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Where are you from? Simple questions don't always have simple answers. (Abeer Almahdi / The McGill Tribune)
Simple questions don't always have simple answers. (Abeer Almahdi / The McGill Tribune)

Where are you from?

Commentary/Opinion by

Back at my international high school in Tokyo, I could answer this seemingly simple question with, “I was born in Canada, but I was raised in Japan,” and that would be that. Many of my friends answered with two or three countries and it seemed like a perfectly-appropriate reply. However, my answer became complicated when I first arrived in Montreal this August. When friendly faces would ask me where I was from, I had to pause. Am I allowed to call myself a Canadian, even though I’ve never lived here? Despite having been born in Victoria, B.C and having a Canadian passport, I have spent my entire life in Tokyo. Identifying as just ‘Canadian’ or ‘Japanese’ seemed reductive—like I would be throwing away half of my identity. On the other hand, saying ‘Tokyo’ would be so much simpler than giving a stranger my whole story.

McGill is an inclusive, diverse campus, with students from over 150 countries making up 30 per cent of our student body. Even though we may be a global community, we still categorize students as either ‘international’ or ‘Canadian,’ when there are so many of us who do not fit into either. Even with the plethora of international clubs and associations that cater to foreign students, in-between Canadians are left out because we challenge their categorizations.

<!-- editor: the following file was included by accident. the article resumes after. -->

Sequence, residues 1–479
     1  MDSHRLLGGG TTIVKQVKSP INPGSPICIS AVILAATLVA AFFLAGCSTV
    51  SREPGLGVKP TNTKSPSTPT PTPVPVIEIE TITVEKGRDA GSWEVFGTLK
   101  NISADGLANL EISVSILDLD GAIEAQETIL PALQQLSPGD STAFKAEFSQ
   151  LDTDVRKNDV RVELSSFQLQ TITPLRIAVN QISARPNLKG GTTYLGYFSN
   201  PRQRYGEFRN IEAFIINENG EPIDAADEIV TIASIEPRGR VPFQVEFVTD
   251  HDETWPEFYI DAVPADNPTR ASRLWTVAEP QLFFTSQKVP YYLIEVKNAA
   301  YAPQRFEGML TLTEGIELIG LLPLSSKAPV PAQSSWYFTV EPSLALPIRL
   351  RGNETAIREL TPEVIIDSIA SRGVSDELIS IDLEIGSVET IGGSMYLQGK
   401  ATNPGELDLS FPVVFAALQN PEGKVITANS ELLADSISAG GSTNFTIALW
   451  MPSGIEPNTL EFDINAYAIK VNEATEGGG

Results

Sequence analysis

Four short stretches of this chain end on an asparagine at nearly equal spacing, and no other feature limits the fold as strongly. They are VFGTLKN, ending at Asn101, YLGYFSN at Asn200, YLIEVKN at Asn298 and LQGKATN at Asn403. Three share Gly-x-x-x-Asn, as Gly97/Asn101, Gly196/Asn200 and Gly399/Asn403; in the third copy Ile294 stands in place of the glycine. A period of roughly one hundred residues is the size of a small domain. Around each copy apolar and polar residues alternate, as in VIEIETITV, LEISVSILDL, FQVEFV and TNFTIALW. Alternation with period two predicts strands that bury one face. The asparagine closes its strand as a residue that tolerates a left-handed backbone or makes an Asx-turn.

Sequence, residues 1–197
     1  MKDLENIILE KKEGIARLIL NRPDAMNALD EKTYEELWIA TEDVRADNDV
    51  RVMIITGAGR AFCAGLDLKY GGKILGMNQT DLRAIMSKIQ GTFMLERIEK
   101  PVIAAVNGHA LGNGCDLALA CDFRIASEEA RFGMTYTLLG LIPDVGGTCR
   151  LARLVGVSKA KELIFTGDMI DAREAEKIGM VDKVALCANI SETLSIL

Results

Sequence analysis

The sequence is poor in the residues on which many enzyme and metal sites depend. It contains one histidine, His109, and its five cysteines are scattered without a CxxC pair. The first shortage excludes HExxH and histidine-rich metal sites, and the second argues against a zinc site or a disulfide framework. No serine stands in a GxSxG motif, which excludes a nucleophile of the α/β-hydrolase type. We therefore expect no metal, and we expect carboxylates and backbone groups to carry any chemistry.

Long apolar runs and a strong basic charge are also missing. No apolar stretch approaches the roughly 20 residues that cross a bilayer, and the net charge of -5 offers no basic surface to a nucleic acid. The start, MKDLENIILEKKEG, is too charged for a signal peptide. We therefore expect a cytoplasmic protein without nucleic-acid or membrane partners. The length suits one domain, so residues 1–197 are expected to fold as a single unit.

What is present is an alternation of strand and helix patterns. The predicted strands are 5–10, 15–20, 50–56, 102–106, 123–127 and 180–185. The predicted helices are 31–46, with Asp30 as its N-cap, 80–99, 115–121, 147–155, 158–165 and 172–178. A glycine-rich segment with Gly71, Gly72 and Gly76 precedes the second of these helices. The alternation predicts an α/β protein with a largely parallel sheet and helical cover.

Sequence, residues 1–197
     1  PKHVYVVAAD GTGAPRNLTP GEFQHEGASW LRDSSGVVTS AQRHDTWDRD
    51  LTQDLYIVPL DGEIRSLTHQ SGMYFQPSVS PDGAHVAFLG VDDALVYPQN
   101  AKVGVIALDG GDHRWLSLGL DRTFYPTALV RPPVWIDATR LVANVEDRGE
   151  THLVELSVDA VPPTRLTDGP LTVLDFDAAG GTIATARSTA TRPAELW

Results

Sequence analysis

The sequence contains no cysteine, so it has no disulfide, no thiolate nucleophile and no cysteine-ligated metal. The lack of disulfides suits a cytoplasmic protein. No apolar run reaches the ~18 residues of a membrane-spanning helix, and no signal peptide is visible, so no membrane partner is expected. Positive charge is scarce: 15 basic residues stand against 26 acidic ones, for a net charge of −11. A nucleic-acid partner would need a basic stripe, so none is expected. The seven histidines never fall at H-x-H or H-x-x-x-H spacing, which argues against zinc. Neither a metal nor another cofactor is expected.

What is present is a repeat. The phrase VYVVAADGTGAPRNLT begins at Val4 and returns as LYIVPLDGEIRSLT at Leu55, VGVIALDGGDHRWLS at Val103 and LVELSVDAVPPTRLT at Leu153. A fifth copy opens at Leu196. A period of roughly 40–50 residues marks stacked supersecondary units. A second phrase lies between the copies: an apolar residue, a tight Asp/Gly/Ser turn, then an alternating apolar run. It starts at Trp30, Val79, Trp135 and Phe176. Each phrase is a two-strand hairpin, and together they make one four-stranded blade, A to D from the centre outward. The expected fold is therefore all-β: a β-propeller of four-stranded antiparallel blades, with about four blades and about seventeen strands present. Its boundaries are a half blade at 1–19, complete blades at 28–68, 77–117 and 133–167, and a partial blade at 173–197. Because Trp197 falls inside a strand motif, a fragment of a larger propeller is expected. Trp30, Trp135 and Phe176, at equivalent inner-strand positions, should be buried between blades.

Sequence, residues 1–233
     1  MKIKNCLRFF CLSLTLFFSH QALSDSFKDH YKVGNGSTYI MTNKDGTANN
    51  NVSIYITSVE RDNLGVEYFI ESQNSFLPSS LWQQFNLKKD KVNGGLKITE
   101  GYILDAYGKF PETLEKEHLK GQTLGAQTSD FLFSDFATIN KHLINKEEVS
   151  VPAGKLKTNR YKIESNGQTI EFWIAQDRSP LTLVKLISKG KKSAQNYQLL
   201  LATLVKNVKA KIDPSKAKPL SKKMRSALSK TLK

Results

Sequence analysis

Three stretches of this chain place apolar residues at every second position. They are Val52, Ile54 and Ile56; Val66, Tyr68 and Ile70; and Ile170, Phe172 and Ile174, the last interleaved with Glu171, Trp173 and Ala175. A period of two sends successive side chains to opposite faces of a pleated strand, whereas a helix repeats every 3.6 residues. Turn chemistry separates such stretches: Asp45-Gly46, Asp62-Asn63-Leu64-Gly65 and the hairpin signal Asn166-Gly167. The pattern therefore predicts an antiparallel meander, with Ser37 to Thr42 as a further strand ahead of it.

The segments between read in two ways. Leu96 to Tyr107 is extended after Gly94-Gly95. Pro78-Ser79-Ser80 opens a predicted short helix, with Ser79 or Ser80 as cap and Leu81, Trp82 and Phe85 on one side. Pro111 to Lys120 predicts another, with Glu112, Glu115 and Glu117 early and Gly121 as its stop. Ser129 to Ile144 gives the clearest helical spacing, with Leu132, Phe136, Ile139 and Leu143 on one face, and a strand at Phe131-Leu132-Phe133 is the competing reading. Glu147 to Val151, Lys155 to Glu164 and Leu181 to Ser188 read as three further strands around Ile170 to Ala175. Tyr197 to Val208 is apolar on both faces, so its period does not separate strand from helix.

While I was in the same position as many of my international friends coming from Tokyo, I still felt a wave of uneasiness, for not completely fitting in. My friends talked about difficulties they faced getting their immigration documents and the culture shock of living in an English-speaking country, but I could not completely sympathize. I was in an entirely disparate situation—I did not have to acquire a Certificate of Acceptance to Quebec (CAQ), but I was ineligible for government insurance. Although I can speak Japanese, English is my first language. Canadians who grew up in Canada already belong and are comfortable, while I was stuck right in the middle.

It is evident, however, that we are making attempts at normalizing mixed-race identity. An excellent example is Patricia Edmonds’ cover story on half-black, half-white fraternal twins for National Geographic’s April 2018 Race Issue. While the article does, indeed, shed a positive light on biracial people, its focus is on the twins’ visible differences rather than their identities and experiences, demonstrating the need for progress in our understanding of racial categorization.

When reflecting back on my own experience as a half-white, half-Japanese student in Tokyo, my appearance was the first thing that set me apart from others when I introduced myself. I still remember attending a Japanese cram school session when I was in grade school and getting called half, or hafu — a somewhat-derogatory term used in Japan to refer to a biracial person—by both the students and teachers. While they would think of the term as a compliment, telling me how big my eyes were and how beautiful my skin was, it made me feel diminished to ‘half’ of a whole and left me feeling like a foreigner in my own country.

As to where I’m from, I still don’t have a clear answer. Both countries are a part of who I am, and yet, I don’t fit nicely into any category. I am in-between, I’m half, or hafu, but never a whole. While I still think that this provides me with my own individuality, a difference that I find exciting, it also leaves me with an eerie feeling of not belonging to a community. It’s nice being different, but social expectations still have to catch up with the realities of global diversity and multi-nationalism.

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